In his final letter to shareholders as Amazon's CEO, Jeff Bezos spends considerable time focusing on the company's treatment of employees, which has come under the microscope with criticisms of working conditions in its distribution centers and the recent failed unionization effort at its Bessemer, Alabama, warehouse.
While Bezos is quick to cite positives about the company's employees, he also writes that "it’s clear to me that we need a better vision for our employees’ success. We have always wanted to be Earth’s Most Customer-Centric Company. We won’t change that. It’s what got us here. But I am committing us to an addition. We are going to be Earth’s Best Employer and Earth’s Safest Place to Work.
"In my upcoming role as Executive Chair, I’m going to focus on new initiatives. I’m an inventor. It’s what I enjoy the most and what I do best. It’s where I create the most value. I’m excited to work alongside the large team of passionate people we have in Ops and help invent in this arena of Earth’s Best Employer and Earth’s Safest Place to Work. On the details, we at Amazon are always flexible, but on matters of vision we are stubborn and relentless. We have never failed when we set our minds to something, and we’re not going to fail at this either."
Bezos goes on:
"When we lead, others follow. Two and a half years ago, when we set a $15 minimum wage for our hourly employees, we did so because we wanted to lead on wages – not just run with the pack – and because we believed it was the right thing to do. A recent paper by economists at the University of California-Berkeley and Brandeis University analyzed the impact of our decision to raise our minimum starting pay to $15 per hour. Their assessment reflects what we’ve heard from employees, their families, and the communities they live in.
"Our increase in starting wage boosted local economies across the country by benefiting not only our own employees but also other workers in the same community. The study showed that our pay raise resulted in a 4.7% increase in the average hourly wage among other employers in the same labor market.
"And we’re not done leading. If we want to be Earth’s Best Employer, we shouldn’t settle for 94% of employees saying they would recommend Amazon to a friend as a place to work. We have to aim for 100%. And we’ll do that by continuing to lead on wages, on benefits, on upskilling opportunities, and in other ways that we will figure out over time.
If any shareowners are concerned that Earth’s Best Employer and Earth’s Safest Place to Work might dilute our focus on Earth’s Most Customer-Centric Company, let me set your mind at ease. Think of it this way. If we can operate two businesses as different as consumer ecommerce and AWS, and do both at the highest level, we can certainly do the same with these two vision statements. In fact, I’m confident they will reinforce each other."
In reeling off statistics about Amazon's performance over the past year, Bezos writes, "Last year, we hired 500,000 employees and now directly employ 1.3 million people around the world. We have more than 200 million Prime members worldwide. More than 1.9 million small and medium-sized businesses sell in our store, and they make up close to 60% of our retail sales. Customers have connected more than 100 million smart home devices to Alexa. Amazon Web Services serves millions of customers and ended 2020 with a $50 billion annualized run rate. In 1997, we hadn’t invented Prime, Marketplace, Alexa, or AWS. They weren’t even ideas then, and none was preordained. We took great risk with each one and put sweat and ingenuity into each one."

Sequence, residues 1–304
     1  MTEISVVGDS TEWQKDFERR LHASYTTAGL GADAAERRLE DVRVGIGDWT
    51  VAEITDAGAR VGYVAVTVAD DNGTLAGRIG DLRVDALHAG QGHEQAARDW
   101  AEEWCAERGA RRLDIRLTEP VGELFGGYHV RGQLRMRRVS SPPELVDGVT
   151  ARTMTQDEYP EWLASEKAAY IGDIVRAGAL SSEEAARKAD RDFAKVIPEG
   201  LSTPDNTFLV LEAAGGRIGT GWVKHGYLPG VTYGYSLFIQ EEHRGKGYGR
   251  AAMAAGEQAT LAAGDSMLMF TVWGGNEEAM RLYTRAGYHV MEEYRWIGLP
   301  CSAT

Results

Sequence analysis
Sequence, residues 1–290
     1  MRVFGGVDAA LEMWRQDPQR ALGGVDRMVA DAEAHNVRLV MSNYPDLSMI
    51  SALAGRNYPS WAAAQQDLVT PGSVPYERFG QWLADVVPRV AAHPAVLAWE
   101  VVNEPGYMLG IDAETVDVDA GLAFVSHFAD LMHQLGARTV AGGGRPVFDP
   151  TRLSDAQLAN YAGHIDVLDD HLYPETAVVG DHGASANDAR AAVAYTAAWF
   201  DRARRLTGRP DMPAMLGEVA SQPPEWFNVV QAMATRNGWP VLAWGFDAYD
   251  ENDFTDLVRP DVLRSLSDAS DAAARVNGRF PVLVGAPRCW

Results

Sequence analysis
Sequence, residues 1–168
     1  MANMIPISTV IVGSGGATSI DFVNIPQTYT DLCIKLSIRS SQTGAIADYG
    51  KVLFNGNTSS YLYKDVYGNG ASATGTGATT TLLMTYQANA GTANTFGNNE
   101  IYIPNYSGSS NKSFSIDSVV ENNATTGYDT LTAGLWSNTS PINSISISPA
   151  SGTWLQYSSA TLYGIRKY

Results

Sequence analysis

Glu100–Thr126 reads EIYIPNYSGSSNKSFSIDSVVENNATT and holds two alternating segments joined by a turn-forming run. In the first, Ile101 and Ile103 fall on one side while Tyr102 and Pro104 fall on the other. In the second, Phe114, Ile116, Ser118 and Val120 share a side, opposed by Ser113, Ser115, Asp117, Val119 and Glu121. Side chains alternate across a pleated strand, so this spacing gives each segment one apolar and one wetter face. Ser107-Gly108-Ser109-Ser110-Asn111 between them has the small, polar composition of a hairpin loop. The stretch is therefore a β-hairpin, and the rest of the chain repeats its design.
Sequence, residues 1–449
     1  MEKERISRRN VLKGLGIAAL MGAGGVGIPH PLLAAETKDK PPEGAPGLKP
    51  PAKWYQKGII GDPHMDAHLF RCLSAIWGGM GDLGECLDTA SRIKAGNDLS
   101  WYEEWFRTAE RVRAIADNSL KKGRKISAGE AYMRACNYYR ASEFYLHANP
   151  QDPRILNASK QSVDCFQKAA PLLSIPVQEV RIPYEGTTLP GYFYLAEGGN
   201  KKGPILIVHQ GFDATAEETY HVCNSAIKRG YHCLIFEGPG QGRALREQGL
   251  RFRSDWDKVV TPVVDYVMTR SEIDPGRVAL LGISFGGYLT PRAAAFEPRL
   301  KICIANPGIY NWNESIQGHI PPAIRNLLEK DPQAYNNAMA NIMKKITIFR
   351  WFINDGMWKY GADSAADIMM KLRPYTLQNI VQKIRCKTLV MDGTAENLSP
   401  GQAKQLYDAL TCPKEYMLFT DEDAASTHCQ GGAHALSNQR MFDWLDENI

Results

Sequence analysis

Bezos also offers an interesting construct when it comes to how Amazon calculates consumer value creation:
"Customers complete 28% of purchases on Amazon in three minutes or less, and half of all purchases are finished in less than 15 minutes. Compare that to the typical shopping trip to a physical store – driving, parking, searching store aisles, waiting in the checkout line, finding your car, and driving home. Research suggests the typical physical store trip takes about an hour. If you assume that a typical Amazon purchase takes 15 minutes and that it saves you a couple of trips to a physical store a week, that’s more than 75 hours a year saved. That’s important. We’re all busy in the early 21st century.
"So that we can get a dollar figure, let’s value the time savings at $10 per hour, which is conservative. Seventy-five hours multiplied by $10 an hour and subtracting the cost of Prime gives you value creation for each Prime member of about $630. We have 200 million Prime members, for a total in 2020 of $126 billion of value creation."
Bezos will be succeeded as CEO by Andy Jassy, CEO of Amazon Web Services, later this year.
- KC's View:
I've been saying for some time now that Amazon needs to behave like a 21st century company in every way, including how it treats its employees. I want to take Bezos at his word, but he's going to have to put points on the board. First step - go to Bessemer, sit down with employees, and get a real feel for how the reality of the situation diverges from perceptions … and don't be defensive. Bezos actually has a lot of personal and political capital that he's earned over the past half-century, and this would be a good time to spend some of it.
I'll also say this - the consumer value creation construct is brilliant. In fewer than 200 words, Bezos has explained to me why my first, best choice ought to be Amazon.
If I'm a physical retailer, I have to focus on those 168 words and figure out what my 168 words are. What is your consumer value creation construct?